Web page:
What Do Bill Gates and Warren Buffett Have to Say About Bitcoin?

Bitcoin — you can love it, you can hate it, but you can’t ignore it. Gates and Buffett are BTC critics. Hear their sides of the story.

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A depiction of the cryptocurrency Bitcoin

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Everyone knows Bill Gates and Warren Buffett are good friends. This could be the reason why Berkshire Hathaway never bought shares of Microsoft. They have many similarities, and they both are bearish on Bitcoin. Well, I understand Buffett’s reasoning, as he has never been into technology. But the founder of the world’s leading PC operating system (OS) is also bearish.

This whole Bitcoin frenzy is a little difficult to digest. BTC is a digital coin that has no physical form, no regulation, is prone to scams, and changes the power play from banks to those who have the digital coin. While the concept is revolutionary, it has both supporters and critics.

What does Bill Gates have to say about Bitcoin?

BTC gained immense popularity when Tesla invested US$1.5 billion in the digital coin. The world’s on-and-off richest man Elon Musk clearly stated that it is not him who has invested in BTC but Tesla. However, people fail to differentiate the two. Just like when Berkshire Hathaway invested in Snowflake’s initial public offering (IPO), media reports read the Buffett had invested in cloud tech and earned some billions from its purchase.

In February, when Tesla disclosed its BTC exposure, Bill Gates cautioned the public to avoid Elon Musk’s crypto path. In an interview with Bloomberg Television, Gates said, “Elon has tons of money and he’s very sophisticated, so I don’t worry that his Bitcoin will sort of randomly go up or down.” He added, “I do think people get bought into these manias who may not have as much money to spare. My general thought would be that if you have less money than Elon, you should probably watch out.”

You may argue that Microsoft accepts BTC as payment, but its founder is against the digital currency. Here again, I will point out that Gates and Microsoft are different. Microsoft’s decisions need backing from the board and not just Gates alone.

What makes Bill Gates anti-crypto is the anonymity of crypto transactions that are irreversible and lack regulatory compliance. Moreover, mining crypto is bad for the environment given the amount of electricity it consumes. However, he promotes digital money, which is more regulatory compliant, cost effective, and energy efficient than cryptocurrency transactions.

What does Warren Buffett have to say about Bitcoin?

Warren Buffett called Bitcoin a “gambling device” and associated it with frauds. But Buffett has never been a supporter of gold either. If you see his comments on gold and BTC, they are similar, as BTC is digital gold.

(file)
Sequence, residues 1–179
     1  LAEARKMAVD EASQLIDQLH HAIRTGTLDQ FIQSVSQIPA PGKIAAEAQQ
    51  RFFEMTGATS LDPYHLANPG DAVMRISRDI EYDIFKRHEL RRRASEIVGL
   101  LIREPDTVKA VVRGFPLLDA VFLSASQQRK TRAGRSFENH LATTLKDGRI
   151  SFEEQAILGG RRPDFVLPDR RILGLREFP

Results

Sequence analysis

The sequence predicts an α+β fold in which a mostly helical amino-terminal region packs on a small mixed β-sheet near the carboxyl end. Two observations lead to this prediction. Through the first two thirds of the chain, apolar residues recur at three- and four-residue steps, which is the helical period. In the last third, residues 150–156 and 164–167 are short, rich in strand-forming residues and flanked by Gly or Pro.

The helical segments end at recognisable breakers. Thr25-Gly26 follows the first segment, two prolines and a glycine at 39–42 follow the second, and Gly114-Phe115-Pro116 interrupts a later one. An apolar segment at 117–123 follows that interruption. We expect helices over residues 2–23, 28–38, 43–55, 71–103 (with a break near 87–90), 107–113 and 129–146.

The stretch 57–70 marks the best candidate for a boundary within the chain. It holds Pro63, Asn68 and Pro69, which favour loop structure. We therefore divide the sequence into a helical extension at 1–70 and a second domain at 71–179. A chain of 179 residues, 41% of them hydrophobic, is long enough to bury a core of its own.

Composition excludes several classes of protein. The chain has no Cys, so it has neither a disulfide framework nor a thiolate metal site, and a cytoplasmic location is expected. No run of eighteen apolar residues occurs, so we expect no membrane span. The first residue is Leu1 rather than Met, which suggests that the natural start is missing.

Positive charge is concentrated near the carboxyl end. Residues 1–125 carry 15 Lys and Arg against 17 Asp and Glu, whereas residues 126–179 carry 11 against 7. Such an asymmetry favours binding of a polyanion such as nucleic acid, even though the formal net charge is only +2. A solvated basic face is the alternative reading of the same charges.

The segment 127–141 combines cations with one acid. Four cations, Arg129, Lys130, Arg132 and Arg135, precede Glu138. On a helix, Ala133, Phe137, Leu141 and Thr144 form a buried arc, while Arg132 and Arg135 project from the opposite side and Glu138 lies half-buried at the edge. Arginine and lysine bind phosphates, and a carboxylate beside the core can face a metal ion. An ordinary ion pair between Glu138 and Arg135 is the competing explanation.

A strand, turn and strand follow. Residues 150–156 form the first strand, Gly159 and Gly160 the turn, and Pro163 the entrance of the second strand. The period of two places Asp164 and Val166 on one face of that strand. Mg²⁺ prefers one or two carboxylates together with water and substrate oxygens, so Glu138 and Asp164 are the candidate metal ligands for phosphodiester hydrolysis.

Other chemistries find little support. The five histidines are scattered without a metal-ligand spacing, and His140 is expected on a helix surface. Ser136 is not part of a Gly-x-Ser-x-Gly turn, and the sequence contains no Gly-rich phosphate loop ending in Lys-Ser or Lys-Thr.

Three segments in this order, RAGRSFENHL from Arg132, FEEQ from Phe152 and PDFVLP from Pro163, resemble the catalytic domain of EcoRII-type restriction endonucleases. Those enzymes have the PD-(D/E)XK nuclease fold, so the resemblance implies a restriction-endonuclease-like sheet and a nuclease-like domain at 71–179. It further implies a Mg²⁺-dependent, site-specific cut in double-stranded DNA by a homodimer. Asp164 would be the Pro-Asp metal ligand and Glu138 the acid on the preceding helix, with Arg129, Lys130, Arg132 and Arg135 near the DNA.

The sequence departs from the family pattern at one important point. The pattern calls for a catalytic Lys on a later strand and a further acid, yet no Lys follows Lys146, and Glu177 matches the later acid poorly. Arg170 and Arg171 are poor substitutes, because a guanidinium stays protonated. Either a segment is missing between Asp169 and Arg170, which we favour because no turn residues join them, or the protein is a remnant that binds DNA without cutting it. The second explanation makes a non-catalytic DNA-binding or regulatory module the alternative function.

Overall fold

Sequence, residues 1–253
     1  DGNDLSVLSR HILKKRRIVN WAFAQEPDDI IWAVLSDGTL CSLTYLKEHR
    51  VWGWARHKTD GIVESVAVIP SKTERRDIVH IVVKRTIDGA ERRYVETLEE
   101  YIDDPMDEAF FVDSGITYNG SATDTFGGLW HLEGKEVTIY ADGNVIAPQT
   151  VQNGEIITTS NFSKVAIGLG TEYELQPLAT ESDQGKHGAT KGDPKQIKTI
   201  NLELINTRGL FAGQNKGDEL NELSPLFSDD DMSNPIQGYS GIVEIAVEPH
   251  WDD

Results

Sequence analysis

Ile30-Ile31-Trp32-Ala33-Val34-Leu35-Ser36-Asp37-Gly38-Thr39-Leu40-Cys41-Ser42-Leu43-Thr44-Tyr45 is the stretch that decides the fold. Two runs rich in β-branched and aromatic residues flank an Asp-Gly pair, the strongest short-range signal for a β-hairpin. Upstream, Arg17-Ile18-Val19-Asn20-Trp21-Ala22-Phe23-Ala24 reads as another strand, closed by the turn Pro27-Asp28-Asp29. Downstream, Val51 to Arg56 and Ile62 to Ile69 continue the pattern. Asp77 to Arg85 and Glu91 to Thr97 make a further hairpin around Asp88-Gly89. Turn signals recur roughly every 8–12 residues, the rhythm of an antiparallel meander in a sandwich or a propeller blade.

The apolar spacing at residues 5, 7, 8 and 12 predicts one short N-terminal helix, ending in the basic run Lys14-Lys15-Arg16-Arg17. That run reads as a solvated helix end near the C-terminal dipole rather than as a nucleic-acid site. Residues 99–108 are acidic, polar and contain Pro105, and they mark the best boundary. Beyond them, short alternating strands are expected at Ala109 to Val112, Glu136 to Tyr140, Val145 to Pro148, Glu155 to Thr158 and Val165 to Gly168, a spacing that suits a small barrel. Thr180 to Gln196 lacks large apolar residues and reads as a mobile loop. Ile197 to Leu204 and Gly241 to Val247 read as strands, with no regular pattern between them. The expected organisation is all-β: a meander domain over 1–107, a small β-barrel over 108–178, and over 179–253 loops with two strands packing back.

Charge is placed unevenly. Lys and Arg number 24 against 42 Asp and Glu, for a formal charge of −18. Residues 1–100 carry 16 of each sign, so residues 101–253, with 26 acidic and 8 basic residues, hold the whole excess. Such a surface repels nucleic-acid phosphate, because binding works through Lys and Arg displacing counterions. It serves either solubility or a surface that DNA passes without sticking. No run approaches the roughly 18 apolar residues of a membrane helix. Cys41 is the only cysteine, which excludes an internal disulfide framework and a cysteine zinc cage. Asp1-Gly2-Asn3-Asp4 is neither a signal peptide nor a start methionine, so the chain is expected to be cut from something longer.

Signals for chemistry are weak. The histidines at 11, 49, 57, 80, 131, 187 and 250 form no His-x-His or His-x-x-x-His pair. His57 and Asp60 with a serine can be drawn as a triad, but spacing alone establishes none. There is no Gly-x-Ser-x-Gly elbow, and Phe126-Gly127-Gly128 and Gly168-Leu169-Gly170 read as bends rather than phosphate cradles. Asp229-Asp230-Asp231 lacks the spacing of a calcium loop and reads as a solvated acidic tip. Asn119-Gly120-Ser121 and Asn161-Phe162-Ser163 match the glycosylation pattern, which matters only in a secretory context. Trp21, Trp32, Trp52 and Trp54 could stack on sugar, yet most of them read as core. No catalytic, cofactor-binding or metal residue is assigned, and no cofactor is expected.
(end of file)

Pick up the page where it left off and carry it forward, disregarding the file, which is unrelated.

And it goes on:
For Bitcoin, he said, “It doesn’t do anything. It just sits there. It’s like a seashell or something, and that is not an investment to me.” For gold, he said, “it gets dug out of the ground in Africa, or someplace. Then we melt it down, dig another hole, bury it again and pay people to stand around guarding it. It has no utility.”

Buffett likes business, something that has utility, and you can predict the growth with revenue, earnings, and future demand. Even steel and oil are commodities, but with utility, which makes their demand predictable. But that is not the case with gold or Bitcoin. Hence, they are called alternative investments.

The way you look at alternative investments is with a long term horizon where your money is secure and probably gives you a regular income. For instance, you could buy an apartment for $450,000 and earn a rent of $1,300.

Investing in BTC 

Although Buffett despises gold as an investment, Berkshire bought Barrick Gold stock to enjoy the dividends it gives. But that is not the case with Bitcoin mining firms. They don’t pay dividends. If you are a risk-averse investor, stay away from BTC.

If you want to diversify into an alternative investment, consider buying stocks of Hive Blockchain Technologies (TSXV:HIVE). This is the oldest crypto mining stock trading on the Toronto Stock Exchange. Hive mines Bitcoin, Ethereum, and other currencies, which diversifies your exposure to different cryptos.

Hive’s main cost is the high-performance computing hardware, electricity, and cooling used to operate the mining data centres. Its revenue comes from selling BTC and the fee for processing transactions. Despite having revenue and earnings, it is difficult to forecast Hive’s growth, as it largely depends on crypto prices.

This article represents the opinion of the writer, who may disagree with the “official” recommendation position of a Motley Fool premium service or advisor. We’re Motley! Questioning an investing thesis — even one of our own — helps us all think critically about investing and make decisions that help us become smarter, happier, and richer, so we sometimes publish articles that may not be in line with recommendations, rankings or other content.

Teresa Kersten, an employee of LinkedIn, a Microsoft subsidiary, is a member of The Motley Fool’s board of directors. Fool contributor Puja Tayal has no position in any of the stocks mentioned. David Gardner owns shares of Tesla. Tom Gardner owns shares of Tesla. The Motley Fool owns shares of and recommends Berkshire Hathaway (B shares), Microsoft, Snowflake Inc., and Tesla and recommends the following options: short January 2023 $200 puts on Berkshire Hathaway (B shares), short June 2021 $240 calls on Berkshire Hathaway (B shares), and long January 2023 $200 calls on Berkshire Hathaway (B shares).

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